In Hinduism, there are 33 crore deities. The 9 planets of the solar system are also regarded as deities and are collectively called Navagrahas. One of the most important of these is Shani or Saturn, which is also the most feared planet in Hinduism.
Shani is the son of Surya/Sun and his proxy wife, Chhaya (the shadow of his actual wife, Sanjana). Surya suspected his son’s paternity due to his black color and rejected him. This led to a conflicted relationship between father and son. Shani’s brother was Yama, the god of death. Shani himself is the god of karma and justice, which is why he evokes fear in the minds of people. The gaze of Shani is much feared even by the gods, as it can cause many problems. It is said that his gaze caused an eclipse of the Sun itself.
Shani in Astrology
Saturn is the planetary ruler of the zodiac signs, Capricorn and Aquarius. It takes 29.5 years to complete its journey around the Sun and spends 2.46 years in one zodiac sign. So it is a slow-moving planet. The name itself means ‘one who moves slowly’. It signifies justice, ethics, career, achievements in life, virtues, and values. The return of Saturn can trigger significant events in life. Saturn is seen as malefic. Its transit, Shani ki Sade Sati, can cause many problems. Saturn rules the spleen, right ear, and bladder. Saturn is known to be disciplined and a hard taskmaster. It expects hard work and discipline from us. Saturn is a teacher of hard lessons and will punish us for our bad deeds. Shani gets strength in the 7th house. Those with Shani afflictions suffer from bone ailments. Shani is also the planet of old age. The number 8 is ruled by Saturn.
If Shani is well-placed in the horoscope, can bring success and wealth. As he is an important deity, there are many temples for Shanishwara in India. Let us explore some of them.
Shani Shingnapur Temple, Maharashtra
This temple is a very popular temple for Shani. The idol here is Swayambhu, a simple stone block. Local shepherds discovered it. When they hit the stone block accidentally with an iron rod, it began to bleed. Later, one of the shepherds had a dream in which Shani appeared and explained how to worship the stone. The idol is open to the sky, as Shani supposedly told the shepherd that he did not need a temple as the whole sky was his roof. Since then, people have been worshipping it.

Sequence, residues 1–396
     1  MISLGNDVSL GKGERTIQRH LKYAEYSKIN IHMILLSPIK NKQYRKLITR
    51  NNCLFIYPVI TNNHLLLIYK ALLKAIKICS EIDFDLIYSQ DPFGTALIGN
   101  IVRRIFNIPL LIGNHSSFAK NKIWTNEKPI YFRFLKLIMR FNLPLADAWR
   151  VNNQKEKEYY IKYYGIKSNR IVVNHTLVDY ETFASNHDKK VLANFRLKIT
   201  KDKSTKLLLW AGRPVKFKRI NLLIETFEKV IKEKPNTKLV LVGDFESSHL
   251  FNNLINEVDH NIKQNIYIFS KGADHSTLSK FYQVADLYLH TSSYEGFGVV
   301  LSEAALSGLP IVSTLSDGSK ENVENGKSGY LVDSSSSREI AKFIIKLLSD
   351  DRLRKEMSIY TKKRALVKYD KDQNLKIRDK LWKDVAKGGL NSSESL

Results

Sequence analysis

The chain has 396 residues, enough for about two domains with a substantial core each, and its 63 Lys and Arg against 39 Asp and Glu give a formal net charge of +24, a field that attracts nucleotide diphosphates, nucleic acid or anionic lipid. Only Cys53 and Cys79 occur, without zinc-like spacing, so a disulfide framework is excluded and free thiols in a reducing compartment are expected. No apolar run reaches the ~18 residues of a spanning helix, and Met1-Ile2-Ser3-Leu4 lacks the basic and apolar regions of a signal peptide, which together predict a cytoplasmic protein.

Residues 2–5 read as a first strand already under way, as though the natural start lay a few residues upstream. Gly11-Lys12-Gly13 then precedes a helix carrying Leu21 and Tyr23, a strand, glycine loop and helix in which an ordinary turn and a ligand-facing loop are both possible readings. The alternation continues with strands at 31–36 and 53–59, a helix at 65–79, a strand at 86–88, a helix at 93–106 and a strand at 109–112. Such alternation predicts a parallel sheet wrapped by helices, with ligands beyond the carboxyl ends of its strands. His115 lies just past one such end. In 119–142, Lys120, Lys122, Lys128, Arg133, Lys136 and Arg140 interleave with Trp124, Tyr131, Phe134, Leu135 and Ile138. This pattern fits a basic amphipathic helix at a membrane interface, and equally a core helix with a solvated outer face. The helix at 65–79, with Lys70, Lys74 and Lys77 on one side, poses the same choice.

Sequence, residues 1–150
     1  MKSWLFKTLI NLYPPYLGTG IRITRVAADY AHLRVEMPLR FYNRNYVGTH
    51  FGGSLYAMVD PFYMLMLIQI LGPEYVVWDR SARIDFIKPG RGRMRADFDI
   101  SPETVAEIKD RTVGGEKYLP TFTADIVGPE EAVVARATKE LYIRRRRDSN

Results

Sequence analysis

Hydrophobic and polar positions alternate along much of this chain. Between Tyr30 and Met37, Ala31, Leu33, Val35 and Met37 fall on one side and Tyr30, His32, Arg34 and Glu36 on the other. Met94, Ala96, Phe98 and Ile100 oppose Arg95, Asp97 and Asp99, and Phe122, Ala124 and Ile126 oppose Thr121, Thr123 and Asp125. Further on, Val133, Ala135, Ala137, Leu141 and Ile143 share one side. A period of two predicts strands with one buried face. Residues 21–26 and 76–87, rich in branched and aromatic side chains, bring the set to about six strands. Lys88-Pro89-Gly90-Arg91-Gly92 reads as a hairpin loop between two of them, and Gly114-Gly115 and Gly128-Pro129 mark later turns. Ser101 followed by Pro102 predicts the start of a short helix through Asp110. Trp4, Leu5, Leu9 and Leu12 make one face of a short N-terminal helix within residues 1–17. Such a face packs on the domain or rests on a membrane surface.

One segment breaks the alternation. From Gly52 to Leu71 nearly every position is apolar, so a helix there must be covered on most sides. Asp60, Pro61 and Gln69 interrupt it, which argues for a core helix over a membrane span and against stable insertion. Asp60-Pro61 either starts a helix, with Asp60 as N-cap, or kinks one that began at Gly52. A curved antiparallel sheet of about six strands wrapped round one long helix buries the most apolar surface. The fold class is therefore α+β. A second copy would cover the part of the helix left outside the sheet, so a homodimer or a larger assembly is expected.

Interestingly, none of the houses in this village have locks on their doors. Here, thefts are almost non-existent. People believe that if anyone tries to steal something, they will have to face Shani’s fury.
No moon day is the most special day in Shani Shingnapur. Usually, there are thirty to forty thousand visitors at the temple. But on No Moon Day, around 3 lakh visitors arrive here. Moreover, there is a fair here on this day.
Thirunallar Shani Temple, Tamil Nadu
This temple lies 5 km from Karaikal. There are many temples in India that have separate shrines dedicated to the 9 planets or Navagrahas. One such temple lies in the town of Thirunallar in Tamil Nadu. Shani’s shrine is within the premises of the Dharbaranyeswarar Temple, and Shiva is the main deity here. But Shani also has equal importance. Tradition dictates that devotees must worship Shani before entering the inner sanctum of Shiva. Legend says that due to Saturn’s malefic influence, King Nala suffered great hardships. He lost his kingdom and his wife, turned into an ugly dwarf, and lived a life of penury. King Nala then prayed to Shaniswara at Thirunallar Temple and took a bath in Nala theertham (the temple pond). Shani was appeased, and King Nala regained all that he had lost.
Devotees from every nook and corner of India come here to get relief from the problems inflicted by Saturn.
Shanichara Temple, Madhya Pradesh
This is supposedly one of the oldest Shani temples in India. The temple stands on Shani Parvat near Ainti village, Morena, Madhya Pradesh. Supposedly, it is the Tapobhoomi (the place where he did penance) of Shani. People believe that the idol of Shani here is made from a meteorite that fell on earth a long time ago. The history of this shrine dates back to the time of Ramayana. Local lore says that Hanuman kept Shani’s idol of Shani atop a hill in such a way that he could direct his gaze at Lanka and reduce it to ashes.
Another story says that this is the place where Shani landed when Hanuman threw him from Lanka after rescuing him from the dungeon where Ravana held him captive.
The spot where Shani fell is called Shani Parvat, and temple legends claim that the impact of his fall was so immense that it formed a crater.
But geologists say that a few million years ago, a meteorite fell at this spot, forming a crater. The rocks/ Shila (which were used to make the statue of Shani) are a reminder of that fallen meteorite. In Shani Shingnapur and Sirsa temples, too, people worship the same rocks or Shilas taken from here as Shani.
The legendary emperor Vikramaditya built this temple in the 1st Century B.C. Supposedly, Shani sits here in his immortal form even today. After witnessing the miracles of Shani, Daulatrao Scindia, the then-king of Gwalior, renovated the temple.
Shani Dham, Delhi
This temple is near Asola, in Delhi. The shrine has the world's tallest idol of Shani, apart from his self-manifested idol. It boasts intricate architecture and carvings. Also, there are shrines for other gods and goddesses. Due to the presence of the 21 ft tall idol of Shani, the shrine attracts thousands of devotees who come here to offer their prayers.
The large Shani idol and idols of the twelve Jyotirlingas are in the eastern part of the temple. In the western part, one can find large Shani statues erected over the buffalo and the vulture. An idol of Hanuman is seen to the right of these statues. In the western section, there is an oblation pool and idols of the Navagrahas.